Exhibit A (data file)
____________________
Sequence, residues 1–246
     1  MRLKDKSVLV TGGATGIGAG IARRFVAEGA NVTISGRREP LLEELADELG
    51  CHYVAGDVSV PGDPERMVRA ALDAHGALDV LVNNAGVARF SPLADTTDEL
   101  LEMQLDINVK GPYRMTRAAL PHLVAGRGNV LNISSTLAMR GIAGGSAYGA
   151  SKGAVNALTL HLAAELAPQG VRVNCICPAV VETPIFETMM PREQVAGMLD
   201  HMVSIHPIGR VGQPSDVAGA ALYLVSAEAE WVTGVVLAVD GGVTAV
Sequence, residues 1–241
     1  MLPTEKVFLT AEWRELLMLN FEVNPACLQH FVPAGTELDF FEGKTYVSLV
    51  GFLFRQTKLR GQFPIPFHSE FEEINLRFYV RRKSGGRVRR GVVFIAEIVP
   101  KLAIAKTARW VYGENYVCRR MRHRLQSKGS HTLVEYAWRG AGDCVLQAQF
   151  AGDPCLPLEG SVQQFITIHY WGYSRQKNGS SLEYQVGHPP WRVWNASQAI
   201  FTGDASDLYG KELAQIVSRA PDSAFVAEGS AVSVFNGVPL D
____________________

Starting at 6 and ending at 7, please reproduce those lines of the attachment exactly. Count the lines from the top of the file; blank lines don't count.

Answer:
   201  HMVSIHPIGR VGQPSDVAGA ALYLVSAEAE WVTGVVLAVD GGVTAV
Sequence, residues 1–241